570 Incidence of accidents with piercing cutting material among medical undergraduate students

Saturday, March 20, 2010
Grand Hall (Hyatt Regency Atlanta)
Adriana Cristina Oliveira, PhD , Universidade Federal de Minas Gerais, Belo Horizonte,, Brazil
Maria Henriqueta R. S. Paiva , Universidade Federal de Minas Gerais, Belo Horizonte,, Brazil
Adriana O. Paula , Universidade Federal de Minas Gerais, Belo Horizonte,, Brazil
Camila S. Gama , Universidade Federal de Minas Gerais, Belo Horizonte,, Brazil
Background: When students perform practical activities they are exposed to accidents with biological material, evidenced by higher susceptibility related to their learning condition, limited dexterity and initiative in this period of development of abilities. 

Objective: to determine the incidence of occupational accidents with piercing cutting material among undergraduate students from the medical program and estimate their vaccination status in relation to hepatitis B.

Methods: A descriptive and quantitative study was carried out with students from the tenth period of the medical program of a Public University in Minas Gerais. A semi-structured questionnaire was applied followed by descriptive analysis and computation of incidence.

Results: 50.6% of participants were female and 80.5% were between 22 and 26 years old, 66.1 reported to have received biosafety information although only 8.6% considered it satisfactory. When analyzing knowledge in relation to biosafety information we verified that 72.9% of the students reported to perform hand hygiene before and after procedures; 90.8% discarded piercing cutting material in specific dispensing container with rigid walls; 88.5% disposed gloves after each procedure and 44.2% reported to recap needles. The incidence of accidents with biological material was 36.2% while 63.5% involved piercing cutting material and 36.5% contact with ocular mucosa. The majority of students (81.1%) informed to be using equipment of individual protection at the moment of the accident; 60.3% of the accidents occurred during surgical procedure; and only 41.2% of students sought medical care. In relation to the hepatitis B vaccine, 87.1% reported to have received three doses of it. It was possible to infer that their knowledge about biosafety is fragmented, since theoretical answers are coherent but incompatible with behavior. The most frequent accidents are those with piercing cutting material and probably due to the preserved habit of recapping needles.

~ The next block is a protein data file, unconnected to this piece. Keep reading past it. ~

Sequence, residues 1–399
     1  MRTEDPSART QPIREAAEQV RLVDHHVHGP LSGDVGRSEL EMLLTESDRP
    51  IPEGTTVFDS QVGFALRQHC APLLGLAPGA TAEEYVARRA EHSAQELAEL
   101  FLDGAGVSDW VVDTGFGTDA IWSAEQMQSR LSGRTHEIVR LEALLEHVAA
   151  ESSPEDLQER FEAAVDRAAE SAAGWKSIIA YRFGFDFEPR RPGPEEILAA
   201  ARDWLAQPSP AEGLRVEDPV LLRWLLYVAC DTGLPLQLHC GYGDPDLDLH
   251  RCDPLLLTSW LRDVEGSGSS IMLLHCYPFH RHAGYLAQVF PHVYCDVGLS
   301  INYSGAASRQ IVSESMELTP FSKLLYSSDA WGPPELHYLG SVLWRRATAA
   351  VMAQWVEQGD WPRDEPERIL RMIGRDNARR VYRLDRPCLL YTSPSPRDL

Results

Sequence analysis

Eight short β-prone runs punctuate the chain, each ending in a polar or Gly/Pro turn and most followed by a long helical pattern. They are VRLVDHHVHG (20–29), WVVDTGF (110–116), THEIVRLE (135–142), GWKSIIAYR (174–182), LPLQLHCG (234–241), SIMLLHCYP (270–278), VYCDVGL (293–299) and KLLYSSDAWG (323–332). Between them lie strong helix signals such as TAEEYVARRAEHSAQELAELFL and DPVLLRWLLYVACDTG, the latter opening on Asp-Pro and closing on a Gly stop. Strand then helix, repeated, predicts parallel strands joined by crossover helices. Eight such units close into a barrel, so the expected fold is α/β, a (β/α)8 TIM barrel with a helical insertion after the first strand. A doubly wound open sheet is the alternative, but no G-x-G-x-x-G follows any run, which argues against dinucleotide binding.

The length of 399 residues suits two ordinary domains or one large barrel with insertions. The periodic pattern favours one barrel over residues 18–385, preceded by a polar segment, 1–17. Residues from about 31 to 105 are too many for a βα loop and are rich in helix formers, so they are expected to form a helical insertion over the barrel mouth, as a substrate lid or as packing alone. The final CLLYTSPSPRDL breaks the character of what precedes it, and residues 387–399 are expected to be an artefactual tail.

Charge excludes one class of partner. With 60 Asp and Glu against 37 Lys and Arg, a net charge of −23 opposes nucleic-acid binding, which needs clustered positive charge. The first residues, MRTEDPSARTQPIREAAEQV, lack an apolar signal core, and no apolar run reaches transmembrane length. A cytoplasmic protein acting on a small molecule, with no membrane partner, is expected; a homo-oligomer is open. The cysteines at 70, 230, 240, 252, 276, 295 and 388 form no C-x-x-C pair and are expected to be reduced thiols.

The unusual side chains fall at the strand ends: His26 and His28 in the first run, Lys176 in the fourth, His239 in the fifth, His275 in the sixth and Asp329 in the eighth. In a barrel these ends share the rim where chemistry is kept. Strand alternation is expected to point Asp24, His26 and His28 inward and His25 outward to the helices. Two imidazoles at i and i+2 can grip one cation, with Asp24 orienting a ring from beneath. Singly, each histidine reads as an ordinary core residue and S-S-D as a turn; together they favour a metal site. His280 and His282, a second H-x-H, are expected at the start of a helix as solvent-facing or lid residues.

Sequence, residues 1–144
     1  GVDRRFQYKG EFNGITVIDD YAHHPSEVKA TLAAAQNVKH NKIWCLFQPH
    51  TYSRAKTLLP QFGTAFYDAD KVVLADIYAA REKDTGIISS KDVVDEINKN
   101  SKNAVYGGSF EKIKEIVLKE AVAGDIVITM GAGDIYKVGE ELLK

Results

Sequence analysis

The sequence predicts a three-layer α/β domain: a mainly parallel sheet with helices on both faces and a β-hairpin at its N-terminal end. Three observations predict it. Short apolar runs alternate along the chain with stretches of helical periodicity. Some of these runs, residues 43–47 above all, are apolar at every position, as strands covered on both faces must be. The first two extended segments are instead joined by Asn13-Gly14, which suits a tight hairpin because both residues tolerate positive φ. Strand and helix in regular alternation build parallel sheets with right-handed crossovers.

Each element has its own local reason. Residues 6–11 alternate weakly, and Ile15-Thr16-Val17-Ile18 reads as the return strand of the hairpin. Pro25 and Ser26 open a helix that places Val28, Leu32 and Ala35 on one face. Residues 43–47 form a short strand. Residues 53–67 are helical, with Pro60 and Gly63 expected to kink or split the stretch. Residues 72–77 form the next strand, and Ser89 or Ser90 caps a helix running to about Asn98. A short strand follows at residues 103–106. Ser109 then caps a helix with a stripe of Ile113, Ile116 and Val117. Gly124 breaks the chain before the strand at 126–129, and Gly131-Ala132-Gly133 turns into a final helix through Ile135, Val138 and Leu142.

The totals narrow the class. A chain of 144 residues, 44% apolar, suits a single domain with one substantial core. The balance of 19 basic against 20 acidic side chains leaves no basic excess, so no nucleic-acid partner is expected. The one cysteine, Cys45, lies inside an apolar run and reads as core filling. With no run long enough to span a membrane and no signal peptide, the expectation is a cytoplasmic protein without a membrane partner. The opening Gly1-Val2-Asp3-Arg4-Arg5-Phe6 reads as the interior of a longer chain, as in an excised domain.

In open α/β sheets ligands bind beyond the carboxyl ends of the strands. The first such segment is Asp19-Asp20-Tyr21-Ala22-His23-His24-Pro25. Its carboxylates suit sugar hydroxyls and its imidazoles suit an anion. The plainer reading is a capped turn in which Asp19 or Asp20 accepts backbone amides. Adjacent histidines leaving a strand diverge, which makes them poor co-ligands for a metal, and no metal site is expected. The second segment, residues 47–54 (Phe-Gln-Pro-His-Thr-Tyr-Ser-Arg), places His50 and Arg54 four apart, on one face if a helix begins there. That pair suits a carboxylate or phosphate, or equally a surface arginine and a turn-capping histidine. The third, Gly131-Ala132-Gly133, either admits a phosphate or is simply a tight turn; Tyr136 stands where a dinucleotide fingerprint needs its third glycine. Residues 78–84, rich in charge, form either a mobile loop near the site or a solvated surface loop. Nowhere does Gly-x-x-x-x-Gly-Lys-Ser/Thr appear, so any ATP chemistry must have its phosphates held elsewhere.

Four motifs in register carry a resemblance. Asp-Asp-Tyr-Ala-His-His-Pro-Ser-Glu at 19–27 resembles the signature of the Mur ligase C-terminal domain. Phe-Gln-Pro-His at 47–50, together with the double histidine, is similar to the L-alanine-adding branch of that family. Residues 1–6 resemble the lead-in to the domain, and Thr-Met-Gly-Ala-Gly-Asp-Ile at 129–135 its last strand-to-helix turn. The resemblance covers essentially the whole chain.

Conclusions: Based on these results, we intend to encourage training of students so they do not recap needles and consequently reduce accidents, and sensitize them regarding the importance of seeking for medical care and improved vaccination coverage.

Table 1: Distribution of accidents with exposure to biological material and hepatitis B vaccine coverage among medical undergraduate students

  Accident with piercing cutting material during supervised training

Did not answer102.3
  Vehicle of transmission

Body fluids2437.5
Piercing cutting material 4062.5
  Number of accidents

One 4062.5
Two 1015.6
Several 46.3
Did not answer1015.6
  Medical evaluation

Did not answer711.0
  Hepatitis B vaccine

Did not answer169.2
  Doses of hepatitis B vaccine

One dose21.2
Two doses126.8
Three doses14382.2
Did not answer169.2
  Anti-HBS exam

Did not answer169.3